The future is Solar for Peru

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I saw a story today about Peru giving free solar panels to its citizens with no electricity and that sparked a thought in me. The project began in 2012 since which time Peru had attracted international investment and support based in its progressive and innovative government energy policies.

rural peruvians solar panels

Rather than immediately contrast that with Australia and feel angry I realised that it is easier to innovate when you have next to nothing. To decentralise power when there is no central power grid to unpick, to boost an economy that is coming off a low base line.

Australia is not like that.

In that moment I wondered if Australia will become the new poor, the left-behinds growing so fat and lethargic that by the time we realise it’s time to change it will be too late.

On that point…..

Australia has 110 years of coal left to mine, good quality coal,  the kind of coal that a coal miner would be proud to mine.  Yet we all know that burning coal releases CO2 and NOx into the atmosphere, hastening global warming, changing the climate.  Australia is pursuing deals with India, Pakistan, Thailand and Vietnam to maintain exports, maintain jobs, maintain much needed income.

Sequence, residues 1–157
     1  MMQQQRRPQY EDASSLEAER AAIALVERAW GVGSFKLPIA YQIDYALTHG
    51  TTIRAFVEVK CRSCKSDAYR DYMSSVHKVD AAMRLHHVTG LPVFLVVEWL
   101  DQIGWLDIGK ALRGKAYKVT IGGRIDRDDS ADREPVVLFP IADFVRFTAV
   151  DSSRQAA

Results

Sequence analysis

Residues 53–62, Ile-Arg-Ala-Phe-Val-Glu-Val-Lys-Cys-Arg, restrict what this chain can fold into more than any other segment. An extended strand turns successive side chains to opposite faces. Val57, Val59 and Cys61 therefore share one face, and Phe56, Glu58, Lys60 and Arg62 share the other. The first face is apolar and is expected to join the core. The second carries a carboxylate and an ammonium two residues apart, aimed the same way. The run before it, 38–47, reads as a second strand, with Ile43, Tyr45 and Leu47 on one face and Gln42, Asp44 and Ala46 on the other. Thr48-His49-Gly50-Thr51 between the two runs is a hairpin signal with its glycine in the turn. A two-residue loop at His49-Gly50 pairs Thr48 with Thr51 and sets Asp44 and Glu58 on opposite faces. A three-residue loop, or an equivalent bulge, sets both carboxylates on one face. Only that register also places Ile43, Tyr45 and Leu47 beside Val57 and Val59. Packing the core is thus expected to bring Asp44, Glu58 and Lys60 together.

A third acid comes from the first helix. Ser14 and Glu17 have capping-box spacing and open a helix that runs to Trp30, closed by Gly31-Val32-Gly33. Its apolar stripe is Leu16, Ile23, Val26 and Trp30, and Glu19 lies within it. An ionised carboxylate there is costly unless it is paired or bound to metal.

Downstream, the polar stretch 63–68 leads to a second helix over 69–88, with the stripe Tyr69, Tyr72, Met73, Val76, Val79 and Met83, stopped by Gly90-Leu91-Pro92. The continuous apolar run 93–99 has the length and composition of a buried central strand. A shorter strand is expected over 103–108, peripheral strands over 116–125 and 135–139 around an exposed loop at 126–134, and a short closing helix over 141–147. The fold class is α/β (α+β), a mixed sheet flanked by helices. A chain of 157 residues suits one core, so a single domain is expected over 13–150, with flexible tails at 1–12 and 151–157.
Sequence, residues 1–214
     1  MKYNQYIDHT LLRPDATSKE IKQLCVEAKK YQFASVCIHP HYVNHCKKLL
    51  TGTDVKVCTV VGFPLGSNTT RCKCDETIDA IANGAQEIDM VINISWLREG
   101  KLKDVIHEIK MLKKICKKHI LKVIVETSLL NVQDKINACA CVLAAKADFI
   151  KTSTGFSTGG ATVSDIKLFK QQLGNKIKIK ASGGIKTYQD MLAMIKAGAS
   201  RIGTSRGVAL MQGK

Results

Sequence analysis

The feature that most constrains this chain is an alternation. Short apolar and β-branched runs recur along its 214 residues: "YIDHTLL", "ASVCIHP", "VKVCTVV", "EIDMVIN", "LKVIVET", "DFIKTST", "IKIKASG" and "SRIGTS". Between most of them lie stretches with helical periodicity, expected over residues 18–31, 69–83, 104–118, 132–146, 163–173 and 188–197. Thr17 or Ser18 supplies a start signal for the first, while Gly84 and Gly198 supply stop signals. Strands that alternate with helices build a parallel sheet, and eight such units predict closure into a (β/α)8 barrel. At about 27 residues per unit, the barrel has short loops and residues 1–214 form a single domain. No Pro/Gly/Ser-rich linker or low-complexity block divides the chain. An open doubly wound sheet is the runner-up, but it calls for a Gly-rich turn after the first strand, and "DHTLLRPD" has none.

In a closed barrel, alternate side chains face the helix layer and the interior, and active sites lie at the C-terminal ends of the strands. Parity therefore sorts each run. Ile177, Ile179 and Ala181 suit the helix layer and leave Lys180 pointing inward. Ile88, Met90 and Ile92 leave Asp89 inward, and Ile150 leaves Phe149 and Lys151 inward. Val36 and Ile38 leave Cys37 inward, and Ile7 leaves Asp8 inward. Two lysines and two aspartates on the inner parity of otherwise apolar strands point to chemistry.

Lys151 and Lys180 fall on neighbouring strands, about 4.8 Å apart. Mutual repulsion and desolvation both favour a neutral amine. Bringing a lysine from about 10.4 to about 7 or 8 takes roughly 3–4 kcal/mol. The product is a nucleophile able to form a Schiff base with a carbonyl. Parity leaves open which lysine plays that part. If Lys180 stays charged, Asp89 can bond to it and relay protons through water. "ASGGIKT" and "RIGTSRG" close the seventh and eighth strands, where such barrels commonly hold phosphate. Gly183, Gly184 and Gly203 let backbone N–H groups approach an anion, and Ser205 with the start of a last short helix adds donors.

Coal Terminals

The Adani project in Queensland is a case in point, this coal mining operation has just won the right to ship the mined coal out across the south end of the Great Barrier Reef and on to India.  A journey that takes the coal out through a protected and beautifully diverse natural wonder.  This project only makes sense on one level and that’s financially.

Queensland tourism industry is worth $8 billion annually.

Queensland coal industry is currently worth around $23 billion pa.

There is little hope that the Great Barrier Reef will be prioritised until those figures switch around.  Will that happen before it is too late?

Anyway……..

I applaud Peru’s government for investing in Solar and for providing solar panels to its citizens while at the same time realising that we can’t expect our government to do the same without a monumental push.

For Australia we have to influence change from the ground up whether it be by unplugging ourselves, protesting decisions on coal mining or voting with our wallets and shopping smarter.

If Australian people want change we have to go after it both politically and practically.

Because it sure as hell ‘ain’t going to come after us any time soon.

Amanda x

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